For Ryan Paul, the loss of a beloved friend is an emergency — something worth calling 911 about.
As News 12 reports, the 12-year-old from Woodbridge, New Jersey was playing in his room when his teddy bear, Freddy, went missing. Ryan, who is autistic, did exactly what you’re supposed to do when someone is in trouble. He called 911 for help.
“The teddy bear fell down again. Don’t worry, I’ll rescue you. Goodbye again, see you again,” he told the 911 dispatcher, who didn’t get the chance to ask any questions before Ryan hung up the phone.
Ryan’s father, Robert, told WABC that he only found out about the 911 call afterward:
“I said, ‘Ryan, did you call 911?’ And he said, ‘Yes,’ and I said, ‘Why?’ And he said, ‘teddy bear rescue.'”
Officer Khari Manzini arrived a few minutes later to check on Ryan and make sure everything was alright. Manzini has been trained in recognizing and responding to individuals with autism and was glad to be able to put that training to use.
The officer confirmed that Freddy the Teddy Bear was safe and unharmed. Manzini told News 12:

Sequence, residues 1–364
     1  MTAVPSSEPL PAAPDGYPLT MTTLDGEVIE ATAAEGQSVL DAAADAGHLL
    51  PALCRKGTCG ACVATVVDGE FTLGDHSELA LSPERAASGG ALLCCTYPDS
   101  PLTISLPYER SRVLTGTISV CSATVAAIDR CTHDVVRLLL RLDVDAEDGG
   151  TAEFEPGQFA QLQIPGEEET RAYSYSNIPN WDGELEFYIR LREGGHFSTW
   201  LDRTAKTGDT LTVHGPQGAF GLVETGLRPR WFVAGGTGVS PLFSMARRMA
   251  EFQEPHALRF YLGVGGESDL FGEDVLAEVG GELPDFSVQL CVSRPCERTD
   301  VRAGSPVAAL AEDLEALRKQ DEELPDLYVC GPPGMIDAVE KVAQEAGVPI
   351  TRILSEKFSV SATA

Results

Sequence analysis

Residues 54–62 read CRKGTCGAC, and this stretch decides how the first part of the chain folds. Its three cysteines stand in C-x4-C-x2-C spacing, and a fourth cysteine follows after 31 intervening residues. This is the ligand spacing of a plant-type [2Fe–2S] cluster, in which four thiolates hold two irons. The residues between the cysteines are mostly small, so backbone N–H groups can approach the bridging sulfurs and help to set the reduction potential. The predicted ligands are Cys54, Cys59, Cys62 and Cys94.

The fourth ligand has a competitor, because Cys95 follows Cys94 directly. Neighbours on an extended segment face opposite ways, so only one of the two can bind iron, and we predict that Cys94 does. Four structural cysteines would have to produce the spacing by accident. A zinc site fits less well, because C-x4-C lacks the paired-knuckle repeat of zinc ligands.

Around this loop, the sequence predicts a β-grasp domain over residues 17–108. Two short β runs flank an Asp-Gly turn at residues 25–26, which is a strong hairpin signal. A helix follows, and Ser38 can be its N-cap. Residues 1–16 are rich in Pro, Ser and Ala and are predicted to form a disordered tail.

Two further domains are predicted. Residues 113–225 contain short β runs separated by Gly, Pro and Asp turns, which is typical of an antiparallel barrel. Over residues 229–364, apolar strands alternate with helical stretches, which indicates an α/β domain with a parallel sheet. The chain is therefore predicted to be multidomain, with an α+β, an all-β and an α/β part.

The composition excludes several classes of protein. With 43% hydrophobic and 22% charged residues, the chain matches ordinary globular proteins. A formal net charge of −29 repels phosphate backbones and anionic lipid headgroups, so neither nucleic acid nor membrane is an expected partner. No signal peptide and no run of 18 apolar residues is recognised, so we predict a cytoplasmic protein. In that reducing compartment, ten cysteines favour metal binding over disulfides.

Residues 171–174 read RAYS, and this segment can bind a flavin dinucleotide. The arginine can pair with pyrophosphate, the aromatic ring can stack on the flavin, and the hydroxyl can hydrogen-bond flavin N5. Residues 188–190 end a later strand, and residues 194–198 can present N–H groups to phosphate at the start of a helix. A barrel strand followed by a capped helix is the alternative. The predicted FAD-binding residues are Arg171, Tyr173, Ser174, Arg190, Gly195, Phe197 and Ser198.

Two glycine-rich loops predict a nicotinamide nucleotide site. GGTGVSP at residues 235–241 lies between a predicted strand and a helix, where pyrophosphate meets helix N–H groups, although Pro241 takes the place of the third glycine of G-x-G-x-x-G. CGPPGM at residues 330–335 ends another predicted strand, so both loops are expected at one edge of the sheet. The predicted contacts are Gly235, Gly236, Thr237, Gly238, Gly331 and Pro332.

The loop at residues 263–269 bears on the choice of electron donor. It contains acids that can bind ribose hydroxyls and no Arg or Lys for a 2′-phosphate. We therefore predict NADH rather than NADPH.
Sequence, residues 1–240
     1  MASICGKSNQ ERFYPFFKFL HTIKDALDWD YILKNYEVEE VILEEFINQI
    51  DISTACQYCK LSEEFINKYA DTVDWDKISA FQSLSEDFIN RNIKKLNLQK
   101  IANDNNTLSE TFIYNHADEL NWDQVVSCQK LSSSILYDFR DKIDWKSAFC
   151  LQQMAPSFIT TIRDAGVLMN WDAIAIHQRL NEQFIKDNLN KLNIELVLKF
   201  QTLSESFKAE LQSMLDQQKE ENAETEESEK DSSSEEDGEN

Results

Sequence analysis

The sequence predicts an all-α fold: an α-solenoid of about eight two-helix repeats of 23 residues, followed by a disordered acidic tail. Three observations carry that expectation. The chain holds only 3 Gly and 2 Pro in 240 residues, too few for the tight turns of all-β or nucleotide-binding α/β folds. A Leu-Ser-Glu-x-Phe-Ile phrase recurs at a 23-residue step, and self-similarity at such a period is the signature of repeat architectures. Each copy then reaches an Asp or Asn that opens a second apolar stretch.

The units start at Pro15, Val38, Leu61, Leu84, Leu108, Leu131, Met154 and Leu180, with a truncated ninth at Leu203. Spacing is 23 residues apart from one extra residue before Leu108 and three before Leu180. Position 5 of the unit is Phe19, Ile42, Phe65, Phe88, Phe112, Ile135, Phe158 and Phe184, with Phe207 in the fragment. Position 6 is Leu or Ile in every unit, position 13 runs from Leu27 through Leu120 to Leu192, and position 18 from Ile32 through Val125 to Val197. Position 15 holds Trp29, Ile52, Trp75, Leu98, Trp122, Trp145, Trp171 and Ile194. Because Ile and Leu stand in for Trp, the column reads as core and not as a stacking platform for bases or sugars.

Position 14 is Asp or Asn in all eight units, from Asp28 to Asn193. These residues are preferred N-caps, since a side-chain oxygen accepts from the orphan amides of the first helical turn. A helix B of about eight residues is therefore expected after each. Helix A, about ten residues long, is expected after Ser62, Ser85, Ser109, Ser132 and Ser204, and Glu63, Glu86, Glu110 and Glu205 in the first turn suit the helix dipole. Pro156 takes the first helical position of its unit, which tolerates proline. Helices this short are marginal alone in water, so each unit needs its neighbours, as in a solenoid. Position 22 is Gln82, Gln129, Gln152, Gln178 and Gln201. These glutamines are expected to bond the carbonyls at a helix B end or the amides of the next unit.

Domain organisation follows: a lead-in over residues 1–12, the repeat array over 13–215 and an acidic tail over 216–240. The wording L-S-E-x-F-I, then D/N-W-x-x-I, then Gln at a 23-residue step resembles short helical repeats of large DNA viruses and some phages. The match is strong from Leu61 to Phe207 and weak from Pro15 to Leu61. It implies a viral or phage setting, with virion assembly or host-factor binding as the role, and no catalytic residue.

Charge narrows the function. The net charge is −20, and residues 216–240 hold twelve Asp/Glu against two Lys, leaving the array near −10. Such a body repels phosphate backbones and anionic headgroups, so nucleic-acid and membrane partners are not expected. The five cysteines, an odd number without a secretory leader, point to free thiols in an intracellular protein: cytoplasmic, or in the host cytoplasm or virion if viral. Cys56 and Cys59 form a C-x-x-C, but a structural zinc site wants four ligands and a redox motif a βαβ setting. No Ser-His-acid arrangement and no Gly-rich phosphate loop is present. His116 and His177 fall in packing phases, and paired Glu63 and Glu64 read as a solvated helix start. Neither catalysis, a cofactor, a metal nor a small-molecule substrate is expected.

“We came as fast as we could. Ryan was very happy to see me and I was actually happy to see him happy and that we had gotten the teddy bear back.”
He also took a picture with Ryan, explaining that this was part of his training in responding to those with special needs:
“Just getting to know our residents is a major part of it, of making them feel comfortable.”
Robert later posted about the incident to the Woodbridge Police Department’s Facebook page, thanking Manzini for his, “kindness and understanding,” in dealing with the late night teddy bear emergency.
What happenes when your 12 yo autistic son dials 9-1-1 because his teddy bear needs "rescue". That's right you get a…
“I’m glad that we have such a fine and caring police department,” the dad wrote, then jokingly added, “I’m a little offended my son didn’t get me (a firefighter) to help with the rescue.”
Robert told News 12 that there’s another good thing that came out of the 911 call. It’s clear that Ryan knows what to do in an emergency. “We just need to fine-tune it a little bit as to when it actually gets used,” he added.